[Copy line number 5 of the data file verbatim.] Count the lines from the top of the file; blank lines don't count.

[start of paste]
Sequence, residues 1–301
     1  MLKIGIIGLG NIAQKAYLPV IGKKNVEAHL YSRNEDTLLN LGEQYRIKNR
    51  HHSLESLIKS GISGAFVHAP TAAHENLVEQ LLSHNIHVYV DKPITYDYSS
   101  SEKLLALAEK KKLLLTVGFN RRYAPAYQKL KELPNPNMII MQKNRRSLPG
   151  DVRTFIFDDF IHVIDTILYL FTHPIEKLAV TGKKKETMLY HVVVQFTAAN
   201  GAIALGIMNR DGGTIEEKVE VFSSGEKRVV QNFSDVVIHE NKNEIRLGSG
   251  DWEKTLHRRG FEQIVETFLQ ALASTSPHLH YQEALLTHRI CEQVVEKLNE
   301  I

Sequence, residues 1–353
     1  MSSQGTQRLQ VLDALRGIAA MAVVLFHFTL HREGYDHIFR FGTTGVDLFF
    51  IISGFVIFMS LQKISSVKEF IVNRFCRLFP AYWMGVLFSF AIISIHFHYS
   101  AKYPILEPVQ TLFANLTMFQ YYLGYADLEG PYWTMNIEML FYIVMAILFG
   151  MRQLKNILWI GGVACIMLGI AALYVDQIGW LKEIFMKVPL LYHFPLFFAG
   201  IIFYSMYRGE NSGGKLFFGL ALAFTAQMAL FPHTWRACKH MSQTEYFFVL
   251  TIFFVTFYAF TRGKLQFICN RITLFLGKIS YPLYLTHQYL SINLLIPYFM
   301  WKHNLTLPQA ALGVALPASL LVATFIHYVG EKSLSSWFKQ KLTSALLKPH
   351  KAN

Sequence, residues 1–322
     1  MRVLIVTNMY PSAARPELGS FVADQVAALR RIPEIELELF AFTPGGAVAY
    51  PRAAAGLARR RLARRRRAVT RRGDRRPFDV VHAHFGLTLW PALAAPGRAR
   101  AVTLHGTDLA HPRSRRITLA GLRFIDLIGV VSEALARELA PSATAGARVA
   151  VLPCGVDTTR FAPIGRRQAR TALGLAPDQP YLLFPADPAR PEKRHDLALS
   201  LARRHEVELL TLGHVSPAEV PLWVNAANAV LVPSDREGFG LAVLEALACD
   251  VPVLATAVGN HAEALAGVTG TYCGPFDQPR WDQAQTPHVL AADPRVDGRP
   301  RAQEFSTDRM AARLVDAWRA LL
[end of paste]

   151  DVRTFIFDDF IHVIDTILYL FTHPIEKLAV TGKKKETMLY HVVVQFTAAN